Naughty or nice? Even before the first Christmas decorations appeared on shop shelves, the Prime Minister seemed to have put business firmly on the naughty step, undeserving of any treats .
Rewind to September: corporates weren’t to be trusted; employees should sit on their boards, and her predecessor's panel of advisors from the highest echelons of commerce were sent on their way. In her party conference speech, Theresa May warned that those tempted to get creative with their tax bills would be punished:
"If you’re a tax-dodger, we’re coming after you. If you’re an accountant, a financial adviser or a middleman who helps people to avoid what they owe to society, we’re coming after you too”.
Now, however, she's suggesting she'd like to slash the corporate tax rate to even less than the 15% favoured by Donald Trump.
A change of heart, a softening of stance in this season of goodwill? Or is this a canny move in the endless battle to deter tax offenders?
Governments of all shades have tried and failed to close tax loopholes and catch wrong-doers. Such efforts are costly, complex and require international cooperation. Meanwhile, tax advisors have remained one step ahead, concocting increasingly sophisticated schemes that can take a team of dozens of tax inspectors years to unravel. Yet in a decade, HMRC’s budget has fallen by a quarter; it is now smaller, for example, than the amount Google earns in the UK alone. No surprises then, that an exercise to name-and-shame repeat offenders revealed not billionaires or multinationals but hairdressers and other small businesses.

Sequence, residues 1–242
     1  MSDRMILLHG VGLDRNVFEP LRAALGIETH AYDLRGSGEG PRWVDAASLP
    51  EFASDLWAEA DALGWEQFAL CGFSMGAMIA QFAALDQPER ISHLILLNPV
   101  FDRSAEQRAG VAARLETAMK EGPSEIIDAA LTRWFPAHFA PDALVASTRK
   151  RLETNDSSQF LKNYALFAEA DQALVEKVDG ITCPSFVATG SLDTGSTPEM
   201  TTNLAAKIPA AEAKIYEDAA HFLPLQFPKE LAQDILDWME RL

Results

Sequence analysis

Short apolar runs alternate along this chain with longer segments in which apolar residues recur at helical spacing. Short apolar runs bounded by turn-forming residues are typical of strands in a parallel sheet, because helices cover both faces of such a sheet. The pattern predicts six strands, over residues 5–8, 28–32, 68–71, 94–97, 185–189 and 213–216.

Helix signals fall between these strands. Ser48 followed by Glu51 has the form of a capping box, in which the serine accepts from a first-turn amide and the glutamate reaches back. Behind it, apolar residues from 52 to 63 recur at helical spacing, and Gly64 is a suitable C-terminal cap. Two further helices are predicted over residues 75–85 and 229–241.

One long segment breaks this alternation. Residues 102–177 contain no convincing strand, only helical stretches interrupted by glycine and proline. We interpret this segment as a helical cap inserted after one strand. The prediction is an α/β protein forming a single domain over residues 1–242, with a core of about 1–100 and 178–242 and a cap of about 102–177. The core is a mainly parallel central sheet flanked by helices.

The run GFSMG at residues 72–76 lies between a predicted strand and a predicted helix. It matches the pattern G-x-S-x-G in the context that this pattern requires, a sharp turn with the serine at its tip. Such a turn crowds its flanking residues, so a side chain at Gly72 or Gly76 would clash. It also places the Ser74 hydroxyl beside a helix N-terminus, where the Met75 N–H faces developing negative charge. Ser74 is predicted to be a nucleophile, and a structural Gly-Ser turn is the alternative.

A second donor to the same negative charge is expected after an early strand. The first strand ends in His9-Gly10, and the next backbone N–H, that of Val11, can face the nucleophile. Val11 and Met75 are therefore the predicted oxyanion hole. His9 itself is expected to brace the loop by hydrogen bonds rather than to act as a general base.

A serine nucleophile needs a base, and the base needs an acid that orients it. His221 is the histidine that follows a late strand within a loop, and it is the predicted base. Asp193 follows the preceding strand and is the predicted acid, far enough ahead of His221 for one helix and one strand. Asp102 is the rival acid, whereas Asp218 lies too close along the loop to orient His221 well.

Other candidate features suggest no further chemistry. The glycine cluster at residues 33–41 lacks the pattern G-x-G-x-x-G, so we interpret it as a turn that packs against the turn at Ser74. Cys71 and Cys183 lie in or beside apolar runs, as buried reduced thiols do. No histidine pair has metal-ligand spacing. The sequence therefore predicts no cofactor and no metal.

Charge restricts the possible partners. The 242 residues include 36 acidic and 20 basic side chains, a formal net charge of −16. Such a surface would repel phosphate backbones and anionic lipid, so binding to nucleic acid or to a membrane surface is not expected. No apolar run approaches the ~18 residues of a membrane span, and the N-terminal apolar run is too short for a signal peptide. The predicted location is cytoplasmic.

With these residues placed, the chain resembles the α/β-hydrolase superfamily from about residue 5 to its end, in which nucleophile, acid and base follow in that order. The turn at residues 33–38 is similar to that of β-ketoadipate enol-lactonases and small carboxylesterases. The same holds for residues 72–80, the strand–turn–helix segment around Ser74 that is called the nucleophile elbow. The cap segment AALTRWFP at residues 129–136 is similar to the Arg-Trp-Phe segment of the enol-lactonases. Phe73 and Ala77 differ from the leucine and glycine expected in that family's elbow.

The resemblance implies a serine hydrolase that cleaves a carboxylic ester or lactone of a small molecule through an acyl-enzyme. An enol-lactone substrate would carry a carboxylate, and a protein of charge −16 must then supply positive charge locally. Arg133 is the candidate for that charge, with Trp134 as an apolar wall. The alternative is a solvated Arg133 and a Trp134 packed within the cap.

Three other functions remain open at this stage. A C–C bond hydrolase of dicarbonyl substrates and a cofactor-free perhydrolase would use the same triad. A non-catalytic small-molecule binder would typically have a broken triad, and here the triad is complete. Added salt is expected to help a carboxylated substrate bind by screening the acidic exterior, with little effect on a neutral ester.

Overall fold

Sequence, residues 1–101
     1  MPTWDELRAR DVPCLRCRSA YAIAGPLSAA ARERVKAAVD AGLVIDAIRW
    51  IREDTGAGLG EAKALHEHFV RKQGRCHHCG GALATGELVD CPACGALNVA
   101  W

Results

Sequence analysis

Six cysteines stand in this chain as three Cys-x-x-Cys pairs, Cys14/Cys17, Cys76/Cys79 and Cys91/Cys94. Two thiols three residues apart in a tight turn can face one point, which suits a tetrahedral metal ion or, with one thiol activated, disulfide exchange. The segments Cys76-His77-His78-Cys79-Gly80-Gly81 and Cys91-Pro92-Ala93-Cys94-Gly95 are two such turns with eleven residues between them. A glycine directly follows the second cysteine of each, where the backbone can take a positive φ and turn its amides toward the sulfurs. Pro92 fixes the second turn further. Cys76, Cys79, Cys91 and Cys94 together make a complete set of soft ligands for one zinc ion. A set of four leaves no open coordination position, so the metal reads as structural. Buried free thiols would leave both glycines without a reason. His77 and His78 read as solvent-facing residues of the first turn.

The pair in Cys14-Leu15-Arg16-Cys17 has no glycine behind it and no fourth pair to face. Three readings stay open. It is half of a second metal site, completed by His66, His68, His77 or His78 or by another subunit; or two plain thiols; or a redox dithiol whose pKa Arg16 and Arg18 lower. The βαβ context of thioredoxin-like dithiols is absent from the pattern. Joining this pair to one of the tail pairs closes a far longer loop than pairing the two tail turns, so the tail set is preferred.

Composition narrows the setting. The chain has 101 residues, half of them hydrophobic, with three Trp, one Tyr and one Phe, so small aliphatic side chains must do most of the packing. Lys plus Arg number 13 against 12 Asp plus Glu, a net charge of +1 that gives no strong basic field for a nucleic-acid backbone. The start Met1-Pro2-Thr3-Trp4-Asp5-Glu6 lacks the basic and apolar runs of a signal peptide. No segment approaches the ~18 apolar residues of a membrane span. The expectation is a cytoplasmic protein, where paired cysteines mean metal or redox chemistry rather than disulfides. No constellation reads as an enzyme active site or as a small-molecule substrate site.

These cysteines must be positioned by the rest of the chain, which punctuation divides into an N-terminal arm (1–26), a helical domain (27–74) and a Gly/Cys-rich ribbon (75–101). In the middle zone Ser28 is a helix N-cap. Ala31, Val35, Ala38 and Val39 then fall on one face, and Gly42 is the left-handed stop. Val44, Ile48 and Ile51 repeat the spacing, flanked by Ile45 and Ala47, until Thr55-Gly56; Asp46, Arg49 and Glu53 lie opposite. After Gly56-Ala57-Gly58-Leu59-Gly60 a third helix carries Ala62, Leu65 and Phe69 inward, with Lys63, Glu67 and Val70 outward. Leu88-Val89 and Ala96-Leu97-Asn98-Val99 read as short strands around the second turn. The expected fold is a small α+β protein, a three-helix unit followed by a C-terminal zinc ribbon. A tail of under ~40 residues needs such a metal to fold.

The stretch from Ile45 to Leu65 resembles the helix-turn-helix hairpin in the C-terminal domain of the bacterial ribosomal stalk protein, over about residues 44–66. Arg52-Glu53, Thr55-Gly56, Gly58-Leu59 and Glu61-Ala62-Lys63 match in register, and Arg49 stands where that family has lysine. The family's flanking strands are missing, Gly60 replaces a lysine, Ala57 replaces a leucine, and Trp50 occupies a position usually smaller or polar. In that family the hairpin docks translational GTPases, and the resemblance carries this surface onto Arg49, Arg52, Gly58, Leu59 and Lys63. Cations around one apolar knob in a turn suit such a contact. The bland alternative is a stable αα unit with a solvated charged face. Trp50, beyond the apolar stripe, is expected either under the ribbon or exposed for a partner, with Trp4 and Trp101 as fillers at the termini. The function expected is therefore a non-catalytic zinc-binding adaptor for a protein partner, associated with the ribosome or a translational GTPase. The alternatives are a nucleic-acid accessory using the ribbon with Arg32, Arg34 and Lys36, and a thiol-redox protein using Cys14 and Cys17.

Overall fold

Why not slash companies' tax bills, and perhaps persuade them that intricate tax avoidance schemes aren’t worth the cash their architects charge? Facebook may have a way to go before its tax affairs are perceived as fair but plans to increase its workforce here by 50% signal a big vote of confidence in the UK. Engineers can be situated anywhere; our location (midway between major time zones), skills base and common language make the UK a good bet.
Similar factors lie behind London’s huge popularity as a financial centre despite the decision not to join the Euro. ING Bank's opted to move jobs to the UK, despite Brexit, due to the quality of staff on offer. Other banks are exploring options for moving to Paris or Amsterdam out of reluctant necessity - because the removal of passporting rights may not allow them to operate in the rest of Europe from a London base- not out of desire or petulance. Banks have clamoured for reassurance. The Prime Minister is not a position to offer them much yet; but a tax cut would send out the right message.
But if companies get a tax cut, who picks up the slack? Do the JAMS - those "just about managing" face a further blow? Maybe not, if a lower tax rate persuades more companies to set up in the UK, thrive and hide less cash under the corporate mattresses (or rather, tax shelters). That could - in theory- lead to higher tax revenues, as well as growth and jobs. A win all round?
That was the argument of President Reagan, prompted by economist Arthur Laffer. Rather aptly perhaps for a man born in Youngstown, Ohio - a city that achieved fame as a bellwether in this month's election - Dr Laffer's re-emerged as an advisor to America’s new president-elect. Dr Laffer famously illustrated his concept on the back of a napkin with a hump-backed graph, which he claimed showed the relationship between tax rates and revenue raised. Raise tax rates when they are too high, he claimed, and you could actually collect less tax, cut them, you get more.
But that assumes the tax rate is already too high - and the problem is, no one knows where on the curve they are. If, for example, once Brexit gets underway, trading conditions suffer and profits stumble, a lower corporate tax rate could instead deal the public purse a nasty blow. It would be a big gamble - and one which, as Reagan learnt, can come at a hefty price.